Coastal Resilience Master Plan


SCH Number
Lead Agency
City of San Diego
Document Title
Coastal Resilience Master Plan
Document Type
NOP - Notice of Preparation of a Draft EIR
Document Description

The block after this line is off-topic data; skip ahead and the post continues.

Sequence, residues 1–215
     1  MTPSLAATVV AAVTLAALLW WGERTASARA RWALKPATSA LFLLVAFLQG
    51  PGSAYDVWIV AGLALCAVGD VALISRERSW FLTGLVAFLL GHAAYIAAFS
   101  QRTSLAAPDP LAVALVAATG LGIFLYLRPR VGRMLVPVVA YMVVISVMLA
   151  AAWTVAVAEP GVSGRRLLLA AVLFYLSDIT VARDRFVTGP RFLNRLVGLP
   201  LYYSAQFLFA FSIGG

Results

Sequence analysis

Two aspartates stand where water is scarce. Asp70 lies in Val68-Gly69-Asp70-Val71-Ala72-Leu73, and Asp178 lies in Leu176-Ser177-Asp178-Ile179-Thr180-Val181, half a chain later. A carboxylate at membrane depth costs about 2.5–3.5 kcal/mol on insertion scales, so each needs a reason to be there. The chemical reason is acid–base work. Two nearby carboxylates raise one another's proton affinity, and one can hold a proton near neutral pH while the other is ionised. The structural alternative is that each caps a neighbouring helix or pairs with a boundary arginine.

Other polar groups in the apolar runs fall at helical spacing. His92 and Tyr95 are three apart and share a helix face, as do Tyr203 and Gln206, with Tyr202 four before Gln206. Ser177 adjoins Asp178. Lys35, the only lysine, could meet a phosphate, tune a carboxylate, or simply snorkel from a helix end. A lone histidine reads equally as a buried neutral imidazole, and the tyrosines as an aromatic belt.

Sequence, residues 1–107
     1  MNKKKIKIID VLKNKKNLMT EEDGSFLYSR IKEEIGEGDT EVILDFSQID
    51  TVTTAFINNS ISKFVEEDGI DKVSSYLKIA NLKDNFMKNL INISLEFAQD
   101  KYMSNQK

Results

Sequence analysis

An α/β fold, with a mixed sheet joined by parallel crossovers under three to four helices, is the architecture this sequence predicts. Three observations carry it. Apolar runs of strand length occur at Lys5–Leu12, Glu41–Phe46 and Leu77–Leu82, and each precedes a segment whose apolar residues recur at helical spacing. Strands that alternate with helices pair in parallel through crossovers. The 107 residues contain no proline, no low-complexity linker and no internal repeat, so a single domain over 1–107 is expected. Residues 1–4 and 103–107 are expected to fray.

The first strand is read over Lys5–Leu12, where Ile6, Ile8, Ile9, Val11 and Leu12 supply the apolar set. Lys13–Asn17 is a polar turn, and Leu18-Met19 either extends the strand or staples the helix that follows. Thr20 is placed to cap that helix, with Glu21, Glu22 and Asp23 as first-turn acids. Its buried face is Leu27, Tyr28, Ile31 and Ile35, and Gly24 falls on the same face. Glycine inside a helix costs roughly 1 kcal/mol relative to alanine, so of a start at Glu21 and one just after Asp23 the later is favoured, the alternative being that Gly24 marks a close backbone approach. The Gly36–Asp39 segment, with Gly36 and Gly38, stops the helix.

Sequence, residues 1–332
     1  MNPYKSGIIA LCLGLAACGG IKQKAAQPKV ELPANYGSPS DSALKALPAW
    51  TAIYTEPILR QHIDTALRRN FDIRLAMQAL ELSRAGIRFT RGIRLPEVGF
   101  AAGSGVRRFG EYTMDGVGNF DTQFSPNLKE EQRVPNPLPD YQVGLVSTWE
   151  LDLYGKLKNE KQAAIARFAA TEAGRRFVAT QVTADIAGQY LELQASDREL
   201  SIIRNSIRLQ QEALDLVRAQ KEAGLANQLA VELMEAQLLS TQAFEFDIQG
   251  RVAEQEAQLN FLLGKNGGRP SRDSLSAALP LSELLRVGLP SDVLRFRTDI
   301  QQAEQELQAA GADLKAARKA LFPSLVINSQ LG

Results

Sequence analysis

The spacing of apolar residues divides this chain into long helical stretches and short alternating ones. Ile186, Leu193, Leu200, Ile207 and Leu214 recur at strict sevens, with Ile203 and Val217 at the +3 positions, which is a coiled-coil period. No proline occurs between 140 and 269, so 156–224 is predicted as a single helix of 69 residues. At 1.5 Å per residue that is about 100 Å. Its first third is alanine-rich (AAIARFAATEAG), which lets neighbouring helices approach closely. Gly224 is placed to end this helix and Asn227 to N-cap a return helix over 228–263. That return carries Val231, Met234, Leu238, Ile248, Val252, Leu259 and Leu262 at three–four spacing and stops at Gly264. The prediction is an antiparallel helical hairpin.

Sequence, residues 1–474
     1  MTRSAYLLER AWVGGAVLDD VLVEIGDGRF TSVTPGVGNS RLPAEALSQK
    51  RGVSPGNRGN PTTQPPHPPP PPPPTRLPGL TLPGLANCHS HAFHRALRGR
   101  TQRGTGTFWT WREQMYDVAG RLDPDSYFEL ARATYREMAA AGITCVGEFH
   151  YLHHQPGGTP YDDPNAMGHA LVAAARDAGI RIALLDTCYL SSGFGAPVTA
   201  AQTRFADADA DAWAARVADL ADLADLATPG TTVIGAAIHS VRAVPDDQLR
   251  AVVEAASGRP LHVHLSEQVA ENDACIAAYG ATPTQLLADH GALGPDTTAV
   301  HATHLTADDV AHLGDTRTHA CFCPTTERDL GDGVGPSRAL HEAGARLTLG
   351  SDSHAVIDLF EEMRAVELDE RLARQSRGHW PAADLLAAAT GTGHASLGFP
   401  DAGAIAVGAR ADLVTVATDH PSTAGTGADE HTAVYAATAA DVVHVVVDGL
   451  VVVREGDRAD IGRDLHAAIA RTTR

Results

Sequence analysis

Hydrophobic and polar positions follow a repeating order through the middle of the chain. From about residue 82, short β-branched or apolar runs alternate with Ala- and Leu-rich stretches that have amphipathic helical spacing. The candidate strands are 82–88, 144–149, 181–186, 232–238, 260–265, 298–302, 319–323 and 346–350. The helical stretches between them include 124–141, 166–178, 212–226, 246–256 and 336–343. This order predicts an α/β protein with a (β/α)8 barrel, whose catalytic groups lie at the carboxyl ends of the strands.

Climate change increasingly puts the City and its critical built and natural resources at risk of coastal flooding and erosion due to sea level rise. The City proposes a Coastal Resilience Master Plan, which will identify specific resilience and conservation needs along the coastline and develop a portfolio of nature-based solutions to promote resilience, protect critical coastal habitats, and support coastal access. The Coastal Resilience Master Plan will engage the public; analyze 10 sites based on feasibility, risk, and benefits; develop nature-based solutions for six of the most feasible locations; and select a pilot project, as described further below. The Coastal Resilience Master Plan will evaluate 10 locations for nature-based solutions at a conceptual level and narrow the scope down to up to six locations most appropriate for nature-based solutions. The six locations will be analyzed at greater detail in the Coastal Resilience Master Plan and PEIR for suitability of nature-based solutions with up to three concepts for further development. One location (the pilot project) will be analyzed at 15 percent design level. The Coastal Resilience Master Plan will evaluate nature-based solutions, including both green and natural infrastructure. Green infrastructure encompasses a wide range of built or engineered solutions modeled after nature while natural solutions often refer to restoration activities. Both support purposes such as stormwater management, flood mitigation, urban heat island reduction, and climate adaptation. Nature-based solutions that achieve multiple benefits, such as habitat and wildlife protection, water quality improvements, flood storage, resilience from potential upstream impacts, recreational opportunities, and increased coastal access for Communities of Concern, would be prioritized. Solutions to be considered include, but are not limited to, the following: -Wetland creation/restoration for ecosystems characterized by permanent or seasonal inundations, which help mitigate flooding, provide habitat, improve water quality, and absorb wave energy. -Living shorelines, which stabilize and protect the shoreline using a combination of plants, sand, rock, and other natural materials. They can help reduce wave energy, slow erosion, and minimize flooding. -Oyster reefs, which provide natural barriers to the shoreline, protecting it from erosion, strong waves, and storm surge. -Waterfront parks, including open space parks or recreational spaces in coastal areas that are designed to flood during extreme events, minimizing flooding elsewhere. -Engineered dunes designed to or above the 100-year Stillwater elevation. Dunes can be designed to combine the aesthetic and habitat benefits of a dynamic beach and dune system with the robust storm protection provided by a structural core. -Landward realignment involves moving the coastline boundary inland to reduce both coastal flooding and erosion. -Living levees/ecotone slopes that, instead of dropping down sharply, slope gently downwards in the same way that the land naturally would. This allows for natural, gradual transitions—from open water, to tidal mudflat, to tidal marsh, to “ecotone” or transitional upland habitat—to be re-established in these areas. The nature-based solutions will be developed through gathering relevant data to assess each site’s unique opportunities and constraints in order to ensure feasibility. The concepts will be presented graphically (i.e., plan and section views or illustrations) and clearly described. The concepts for each site will be compared in a multi-criteria decision matrix to support the City, stakeholders, and community members in understanding the proposed solutions for each site. The matrix will include an assessment of the community, resilience, economic, and ecosystem benefits. The City will engage the public and stakeholders throughout the project to develop nature-based solutions.